MATT TAIBBI: I probably shouldn't admit this, but I thoroughly enjoy this topic in a kind of a dark way. There's a way to look at a lot of these sort of white-collar capers in an almost admiring fashion look at the complexity of some of these schemes. And it's a real intellectual challenge to sort of unravel some of them.

And for me, it was very thrilling to go from being somebody who couldn't balance his checkbook to having to understand, you know, how collateralized debt obligations worked and, you know, how the international interest rate swap market worked. And then there's a kind of deviousness and brilliance that is on display in a lot of these things that is really fascinating to me.

MCEVERS: In addition to covering these stories on Wall Street, you then spent months on the other side of what you call the divide, in courtrooms, in jailhouses that are full of poor people who you say committed small - lots of small crimes but who are disproportionately prosecuted for them.

TAIBBI: Yeah. And so I was covering these sort of gigantic, Wall Street, white-collar-criminal scandals, and I became interested in the concept of why nobody was going to jail, why we didn't have criminal prosecutions. And then it occurred to me that it's impossible to really talk about the gravity of that problem unless you know who is going to jail and how those people go to jail and how that works.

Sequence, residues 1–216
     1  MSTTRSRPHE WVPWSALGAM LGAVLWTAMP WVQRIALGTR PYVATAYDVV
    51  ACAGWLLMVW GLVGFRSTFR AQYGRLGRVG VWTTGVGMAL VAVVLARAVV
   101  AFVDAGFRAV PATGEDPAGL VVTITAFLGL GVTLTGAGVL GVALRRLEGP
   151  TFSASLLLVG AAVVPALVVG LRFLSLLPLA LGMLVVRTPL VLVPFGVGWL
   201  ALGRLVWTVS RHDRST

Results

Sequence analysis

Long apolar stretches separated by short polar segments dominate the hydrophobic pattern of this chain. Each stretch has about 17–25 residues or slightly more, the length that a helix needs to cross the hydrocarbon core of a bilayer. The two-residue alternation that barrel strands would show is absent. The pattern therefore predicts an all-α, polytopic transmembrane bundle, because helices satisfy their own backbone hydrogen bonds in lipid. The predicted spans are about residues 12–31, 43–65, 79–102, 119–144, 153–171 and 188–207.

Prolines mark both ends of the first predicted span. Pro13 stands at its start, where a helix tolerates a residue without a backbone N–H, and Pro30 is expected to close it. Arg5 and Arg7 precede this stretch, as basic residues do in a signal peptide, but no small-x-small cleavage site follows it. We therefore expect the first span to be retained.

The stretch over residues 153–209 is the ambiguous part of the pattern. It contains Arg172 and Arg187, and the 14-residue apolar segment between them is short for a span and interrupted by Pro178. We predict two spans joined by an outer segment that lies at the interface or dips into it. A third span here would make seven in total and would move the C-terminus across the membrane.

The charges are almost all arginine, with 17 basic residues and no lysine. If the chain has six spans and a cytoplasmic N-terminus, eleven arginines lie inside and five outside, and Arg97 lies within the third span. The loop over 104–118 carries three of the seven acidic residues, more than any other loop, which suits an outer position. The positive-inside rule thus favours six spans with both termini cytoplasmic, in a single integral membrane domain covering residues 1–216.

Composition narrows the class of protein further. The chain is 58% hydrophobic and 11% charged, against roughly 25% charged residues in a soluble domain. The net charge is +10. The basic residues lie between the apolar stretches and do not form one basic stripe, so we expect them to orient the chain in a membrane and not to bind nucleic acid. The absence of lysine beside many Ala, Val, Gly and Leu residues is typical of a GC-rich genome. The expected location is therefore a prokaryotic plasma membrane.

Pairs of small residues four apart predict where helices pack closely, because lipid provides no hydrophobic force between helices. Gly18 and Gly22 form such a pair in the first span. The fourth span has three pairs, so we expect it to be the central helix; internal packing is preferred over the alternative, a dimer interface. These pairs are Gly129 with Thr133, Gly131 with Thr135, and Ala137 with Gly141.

And what I ended up finding was that it's incredibly easy for people who don't have money to go to jail for just about anything. There's almost an inverse relationship between the ease with which you can put a poor person in jail for, say, welfare fraud, and the difficulty that prosecutors face when they try to put someone from a too-big-to-fail bank in jail for a more serious kind of fraud.

MCEVERS: Yeah, it makes sense that, you know, to look at one side of the divide of how poor people are disproportionately prosecuted really throws into relief how these other people, the rich people on the top aren't.

TAIBBI: Right.

MCEVERS: But in some ways, is the comparison a little bit forced? I mean, at one point in the book, you're like, you know, just a few blocks away for where this guy's going to jail for having a joint in his pocket, this guy's walking free on Wall Street.

TAIBBI: No. I mean, I can see that point of view but, you know, the HSBC case was the biggest drug money laundering case in history. This is a bank that admitted to washing over $850 million for a pair of Central and South American drug cartels. They pay a fine, no individual has to do a day in jail. And all I really wanted to say was, here are actors at the very top of the illegal narcotics business who are getting a walk from the government. And right next door, you know, at that very moment, yes, I force the comparison.